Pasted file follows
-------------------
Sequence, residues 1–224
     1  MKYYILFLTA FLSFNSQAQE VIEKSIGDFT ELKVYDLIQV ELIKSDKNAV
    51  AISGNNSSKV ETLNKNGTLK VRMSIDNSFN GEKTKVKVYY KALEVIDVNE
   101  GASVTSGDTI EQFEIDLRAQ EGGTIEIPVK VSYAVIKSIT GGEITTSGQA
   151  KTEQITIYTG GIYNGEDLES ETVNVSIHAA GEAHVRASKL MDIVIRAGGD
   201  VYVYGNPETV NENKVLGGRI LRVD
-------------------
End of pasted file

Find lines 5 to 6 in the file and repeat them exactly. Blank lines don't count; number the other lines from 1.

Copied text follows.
   151  KTEQITIYTG GIYNGEDLES ETVNVSIHAA GEAHVRASKL MDIVIRAGGD
   201  VYVYGNPETV NENKVLGGRI LRVD